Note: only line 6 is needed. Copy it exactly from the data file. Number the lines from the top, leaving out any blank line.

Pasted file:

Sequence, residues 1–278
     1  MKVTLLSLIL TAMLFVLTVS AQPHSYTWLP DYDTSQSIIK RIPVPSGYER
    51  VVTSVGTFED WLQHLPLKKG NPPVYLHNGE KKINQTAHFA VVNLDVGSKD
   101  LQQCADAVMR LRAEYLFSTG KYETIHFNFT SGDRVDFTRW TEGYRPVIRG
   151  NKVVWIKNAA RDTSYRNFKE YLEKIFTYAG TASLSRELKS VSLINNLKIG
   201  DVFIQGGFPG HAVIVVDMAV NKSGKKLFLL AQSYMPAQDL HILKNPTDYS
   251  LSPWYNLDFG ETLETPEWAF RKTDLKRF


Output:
   201  DVFIQGGFPG HAVIVVDMAV NKSGKKLFLL AQSYMPAQDL HILKNPTDYS